In the enlarge mode, the number of clock pulses on the output line 23 is increased by one for each bit group. When the delay signal on the line 21 is produced, AND circuit 44 gates the 2f clock signal on line 9A, i.e., two clock pulses during this bit period. Except during the bit period during which the delay signal is produced, AND circuit 43 gates the f clock pulses to OR circuit 45. Both clock pulse trains from AND circuits 43 and 44 are ORed by circuit 45 and shown in FIG. 5, whereby the number of clock pulses is increased by one during this bit period so that one data bit during this bit period is sampled twice; the number of the data bits in the bit group is increased by unity.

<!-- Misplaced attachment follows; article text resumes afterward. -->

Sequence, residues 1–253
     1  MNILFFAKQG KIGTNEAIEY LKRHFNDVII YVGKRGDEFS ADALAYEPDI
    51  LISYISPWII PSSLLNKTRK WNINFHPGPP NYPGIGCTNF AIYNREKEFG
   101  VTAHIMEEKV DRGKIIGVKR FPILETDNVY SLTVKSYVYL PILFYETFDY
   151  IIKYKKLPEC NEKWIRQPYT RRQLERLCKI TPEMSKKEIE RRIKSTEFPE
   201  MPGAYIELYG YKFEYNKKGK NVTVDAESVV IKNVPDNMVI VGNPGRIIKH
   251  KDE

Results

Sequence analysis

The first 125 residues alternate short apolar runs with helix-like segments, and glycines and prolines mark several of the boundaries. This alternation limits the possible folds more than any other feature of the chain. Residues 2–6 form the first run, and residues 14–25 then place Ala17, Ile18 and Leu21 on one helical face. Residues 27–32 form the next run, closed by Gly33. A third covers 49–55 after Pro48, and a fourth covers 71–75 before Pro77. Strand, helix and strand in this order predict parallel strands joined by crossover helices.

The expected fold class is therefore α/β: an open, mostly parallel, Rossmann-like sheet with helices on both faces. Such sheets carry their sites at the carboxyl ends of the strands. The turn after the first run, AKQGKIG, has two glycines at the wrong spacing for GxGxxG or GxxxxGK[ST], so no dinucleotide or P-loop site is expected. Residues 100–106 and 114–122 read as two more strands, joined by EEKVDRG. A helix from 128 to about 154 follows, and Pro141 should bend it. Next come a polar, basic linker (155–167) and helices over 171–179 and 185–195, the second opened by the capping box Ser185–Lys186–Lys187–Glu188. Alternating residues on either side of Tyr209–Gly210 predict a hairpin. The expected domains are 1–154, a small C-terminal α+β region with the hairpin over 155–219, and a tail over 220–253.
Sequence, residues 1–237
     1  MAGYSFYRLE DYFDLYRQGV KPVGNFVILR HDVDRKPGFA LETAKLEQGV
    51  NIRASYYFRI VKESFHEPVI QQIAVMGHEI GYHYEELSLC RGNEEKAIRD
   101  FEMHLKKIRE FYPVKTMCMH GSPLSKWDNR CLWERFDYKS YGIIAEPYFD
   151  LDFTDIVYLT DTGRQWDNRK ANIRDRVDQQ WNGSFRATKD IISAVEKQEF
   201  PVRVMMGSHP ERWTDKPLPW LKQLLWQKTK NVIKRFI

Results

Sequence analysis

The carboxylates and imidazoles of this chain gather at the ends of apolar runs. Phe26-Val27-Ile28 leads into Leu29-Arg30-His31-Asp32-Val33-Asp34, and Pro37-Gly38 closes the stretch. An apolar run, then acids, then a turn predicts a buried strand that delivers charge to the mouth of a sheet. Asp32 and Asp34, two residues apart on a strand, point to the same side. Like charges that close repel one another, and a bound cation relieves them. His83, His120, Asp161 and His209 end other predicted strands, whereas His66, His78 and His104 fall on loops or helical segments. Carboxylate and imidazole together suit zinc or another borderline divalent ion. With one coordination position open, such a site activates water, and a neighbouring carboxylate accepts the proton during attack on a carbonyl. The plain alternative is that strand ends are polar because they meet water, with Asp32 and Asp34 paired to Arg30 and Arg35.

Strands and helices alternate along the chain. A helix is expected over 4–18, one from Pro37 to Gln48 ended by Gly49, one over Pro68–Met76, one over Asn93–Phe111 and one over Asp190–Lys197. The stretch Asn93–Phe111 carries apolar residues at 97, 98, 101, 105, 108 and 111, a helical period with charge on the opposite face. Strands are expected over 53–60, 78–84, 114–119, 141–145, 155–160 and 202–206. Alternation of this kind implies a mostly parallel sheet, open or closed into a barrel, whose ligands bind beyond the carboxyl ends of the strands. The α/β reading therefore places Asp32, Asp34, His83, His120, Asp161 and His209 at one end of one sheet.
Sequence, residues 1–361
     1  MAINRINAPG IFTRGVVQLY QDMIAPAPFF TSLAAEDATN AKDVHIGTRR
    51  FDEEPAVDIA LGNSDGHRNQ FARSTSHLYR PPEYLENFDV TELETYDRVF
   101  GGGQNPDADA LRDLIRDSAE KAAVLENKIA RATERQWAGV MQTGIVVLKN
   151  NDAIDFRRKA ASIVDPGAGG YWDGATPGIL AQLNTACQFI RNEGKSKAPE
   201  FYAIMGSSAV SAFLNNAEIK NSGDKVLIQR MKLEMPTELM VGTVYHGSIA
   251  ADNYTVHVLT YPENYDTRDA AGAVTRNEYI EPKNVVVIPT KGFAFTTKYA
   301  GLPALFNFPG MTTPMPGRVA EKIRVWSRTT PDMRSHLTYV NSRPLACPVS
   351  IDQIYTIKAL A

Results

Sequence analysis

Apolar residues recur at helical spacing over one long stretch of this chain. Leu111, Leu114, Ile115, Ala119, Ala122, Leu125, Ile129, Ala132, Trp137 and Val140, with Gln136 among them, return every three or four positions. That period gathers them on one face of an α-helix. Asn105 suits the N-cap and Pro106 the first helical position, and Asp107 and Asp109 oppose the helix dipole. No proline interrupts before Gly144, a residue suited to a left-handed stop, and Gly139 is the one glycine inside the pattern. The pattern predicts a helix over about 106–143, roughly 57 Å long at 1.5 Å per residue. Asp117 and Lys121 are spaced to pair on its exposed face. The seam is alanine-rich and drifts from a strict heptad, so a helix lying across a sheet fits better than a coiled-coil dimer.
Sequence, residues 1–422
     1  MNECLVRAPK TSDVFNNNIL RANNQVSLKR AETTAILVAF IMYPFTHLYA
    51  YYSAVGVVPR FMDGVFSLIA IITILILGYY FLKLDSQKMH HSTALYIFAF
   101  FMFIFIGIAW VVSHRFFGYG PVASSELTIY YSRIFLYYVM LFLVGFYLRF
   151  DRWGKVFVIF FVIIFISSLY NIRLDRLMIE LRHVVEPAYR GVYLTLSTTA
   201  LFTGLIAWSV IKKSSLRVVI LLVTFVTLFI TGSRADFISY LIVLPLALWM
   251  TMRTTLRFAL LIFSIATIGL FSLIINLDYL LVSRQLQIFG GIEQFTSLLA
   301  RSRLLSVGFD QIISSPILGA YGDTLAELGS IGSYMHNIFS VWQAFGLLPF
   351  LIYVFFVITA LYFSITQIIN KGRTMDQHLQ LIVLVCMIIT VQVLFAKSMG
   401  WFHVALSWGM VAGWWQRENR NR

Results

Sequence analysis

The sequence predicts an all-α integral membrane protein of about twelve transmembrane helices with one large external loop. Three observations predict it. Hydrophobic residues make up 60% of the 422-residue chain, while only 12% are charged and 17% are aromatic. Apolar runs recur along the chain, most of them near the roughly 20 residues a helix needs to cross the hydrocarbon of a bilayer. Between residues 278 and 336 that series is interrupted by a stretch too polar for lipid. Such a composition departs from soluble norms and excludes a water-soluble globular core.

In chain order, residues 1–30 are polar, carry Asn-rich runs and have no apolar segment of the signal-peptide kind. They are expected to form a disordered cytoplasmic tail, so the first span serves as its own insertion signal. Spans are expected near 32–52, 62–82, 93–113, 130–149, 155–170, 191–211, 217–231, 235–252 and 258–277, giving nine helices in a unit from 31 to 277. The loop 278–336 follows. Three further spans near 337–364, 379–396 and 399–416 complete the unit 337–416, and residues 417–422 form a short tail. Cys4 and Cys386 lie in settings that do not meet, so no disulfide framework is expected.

The logic processing circuit including the AND circuits 8, 13, 16 and 17, the OR circuit 14 and the output circuit 9, respond to the output signals of the Exclusive OR/inverter circuit 6 and the flip-flop 12 to insert one additional bit to the adjacent two identical bits or delete one bit from the adjacent two identical bits or forces a change at the end of a bit group if no two adjacent bits were identical.
FIG. 2 shows the comparison of the reduced output bit pattern C of the present invention with the output bit stream B reduced by the prior art periodical bit deletion. The reduction of the B4 size image to the A4 size image is shown. The bit stream B is obtained by periodically deleting the input bit every 6 bits in accordance with the 5/6 reduction ratio. It is apparent that the bit transitions "1 to 0" between the position 4 and 5, bit transition "0 to 1" between the positions 10 and 11, bit transition "1 to 0" between the positions 11 and 12, bit transition "0 to 1" between the positions 16 and 17, bit transition "1 to 0" between the the positions 17 and 18 are not included in the output bit stream B of the prior technique.